When this wacky warm weather first started plaguing our touted La Nina winter the Northwest Avalanche Center didn’t know how to break the bad news that sustained rain was on its way so they broke it in a poem. This morning a new much more pleasantly
received poem arrived.
"Nina oh Nina, it's on its way back, for us to recover the snow that we lack. As with most wishes, it comes with some pain, as dangers rise but not from rain. Two days ahead of dry slow warming, should provide weak layers for future storming. The upper ridge leaves Friday for points to the east, time to go from famine to feast. A deep upper low settles in offshore, to bring strong storms to knock at our door. The weekend promises significant action, as weak surface snow is stressed by compaction. Though substantial snow is what we need, don't be swayed by new powder greed. Check out the snow as stresses rise, & don't let slides be a surprise."
For some people weather forecasts dictate nothing more than if they should be carrying an umbrella or not while walking out to their car or on their lunch break. But for the outdoor enthusiasts it dictates nearly everything you do. Tack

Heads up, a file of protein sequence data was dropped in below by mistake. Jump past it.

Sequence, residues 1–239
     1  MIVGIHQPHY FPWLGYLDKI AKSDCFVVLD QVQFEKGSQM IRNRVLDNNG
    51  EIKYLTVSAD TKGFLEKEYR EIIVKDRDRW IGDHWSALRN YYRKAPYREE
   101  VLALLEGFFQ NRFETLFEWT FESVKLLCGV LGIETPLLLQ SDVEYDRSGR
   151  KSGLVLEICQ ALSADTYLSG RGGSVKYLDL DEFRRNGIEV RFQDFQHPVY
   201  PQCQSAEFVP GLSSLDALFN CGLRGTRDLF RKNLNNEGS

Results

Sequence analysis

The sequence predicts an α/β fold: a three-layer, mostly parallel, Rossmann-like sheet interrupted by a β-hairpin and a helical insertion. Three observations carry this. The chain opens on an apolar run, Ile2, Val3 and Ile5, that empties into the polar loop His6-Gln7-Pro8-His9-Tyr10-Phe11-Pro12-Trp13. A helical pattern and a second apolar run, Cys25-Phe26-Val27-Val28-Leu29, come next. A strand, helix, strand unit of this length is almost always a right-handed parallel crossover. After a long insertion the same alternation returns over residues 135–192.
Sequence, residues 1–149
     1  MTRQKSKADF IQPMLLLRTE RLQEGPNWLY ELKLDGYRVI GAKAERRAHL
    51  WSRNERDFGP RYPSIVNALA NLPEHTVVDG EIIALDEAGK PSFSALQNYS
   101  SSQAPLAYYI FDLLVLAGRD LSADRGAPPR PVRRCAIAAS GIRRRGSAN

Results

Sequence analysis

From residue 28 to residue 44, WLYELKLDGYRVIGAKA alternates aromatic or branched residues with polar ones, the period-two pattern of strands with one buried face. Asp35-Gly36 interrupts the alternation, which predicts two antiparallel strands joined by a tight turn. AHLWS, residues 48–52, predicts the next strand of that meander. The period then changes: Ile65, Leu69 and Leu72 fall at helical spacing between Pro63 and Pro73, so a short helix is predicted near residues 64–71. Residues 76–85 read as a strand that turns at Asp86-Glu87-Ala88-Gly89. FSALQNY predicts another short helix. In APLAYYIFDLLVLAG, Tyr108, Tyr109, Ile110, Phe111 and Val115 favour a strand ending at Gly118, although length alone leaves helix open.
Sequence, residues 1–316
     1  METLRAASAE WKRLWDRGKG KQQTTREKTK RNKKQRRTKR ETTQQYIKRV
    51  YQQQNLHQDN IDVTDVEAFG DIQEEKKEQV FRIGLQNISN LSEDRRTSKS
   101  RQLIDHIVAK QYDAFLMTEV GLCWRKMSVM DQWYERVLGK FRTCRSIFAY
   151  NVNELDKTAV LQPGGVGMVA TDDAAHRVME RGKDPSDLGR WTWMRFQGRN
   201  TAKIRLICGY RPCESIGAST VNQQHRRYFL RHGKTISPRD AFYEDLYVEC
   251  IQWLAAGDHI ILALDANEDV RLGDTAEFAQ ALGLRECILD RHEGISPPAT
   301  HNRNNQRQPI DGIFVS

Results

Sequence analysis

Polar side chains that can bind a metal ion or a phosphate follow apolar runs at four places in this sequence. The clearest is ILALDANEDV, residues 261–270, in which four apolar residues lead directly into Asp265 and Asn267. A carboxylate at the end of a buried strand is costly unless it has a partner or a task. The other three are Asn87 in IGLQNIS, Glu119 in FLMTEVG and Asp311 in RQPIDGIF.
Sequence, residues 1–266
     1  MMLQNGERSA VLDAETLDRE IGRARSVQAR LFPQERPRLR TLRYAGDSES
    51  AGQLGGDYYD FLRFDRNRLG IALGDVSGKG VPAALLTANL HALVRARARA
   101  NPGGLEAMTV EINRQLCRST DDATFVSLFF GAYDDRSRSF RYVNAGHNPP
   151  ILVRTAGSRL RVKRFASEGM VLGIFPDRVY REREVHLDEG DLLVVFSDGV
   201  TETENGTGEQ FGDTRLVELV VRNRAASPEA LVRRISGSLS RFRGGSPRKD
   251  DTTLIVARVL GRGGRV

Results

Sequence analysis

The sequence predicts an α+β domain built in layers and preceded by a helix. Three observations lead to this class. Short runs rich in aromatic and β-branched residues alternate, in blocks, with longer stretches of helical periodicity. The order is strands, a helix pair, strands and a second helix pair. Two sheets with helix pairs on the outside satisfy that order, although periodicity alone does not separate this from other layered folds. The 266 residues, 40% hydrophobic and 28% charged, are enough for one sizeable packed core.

on working in the outdoors industry and suddenly your hobbies, pay check and sanity are directly attached to the weather. Which means if you also live in the Pacific Northwest its going to be a roller coaster. Since you are likely to be checking your forecasts regardless you might as well be checking some worth their salt. Here are a few tips on approaching winter weather and mountain forecasts for the Pacific Northwest.
With the Pacific Ocean, Olympic Mountains, Puget Sound and Cascades all bundled up together the Seattle area is one of the tricker places to predict weather in the world. This means you are better off staying away from large automated regional forecasts like Weather.com for the west side of the mountains. They tend to over predict cold weather and precipitation – which for the skier/snowboarder is a let down waiting to happen. Also stay away from 10-15 day out forecasts, during the winter they are pretty much worthless.
- Northwest Avalanche Center (nwac.us)- This is not only a great resource for avalanche reports but give some of the best mountain forecasts out there. Also their “Telemetry” section will give you hourly snow depths at all your favorite Washington resorts and some backcountry locations.
- NOAA (noaa.gov) – NOAA forecasts are available for each of the Washington ski resort regions. This is where you get your winter advisories and warning from. They have simple and easy to read forecasts Make sure to see what elevation the forecasts are for though because it might not be for the base area like you would think.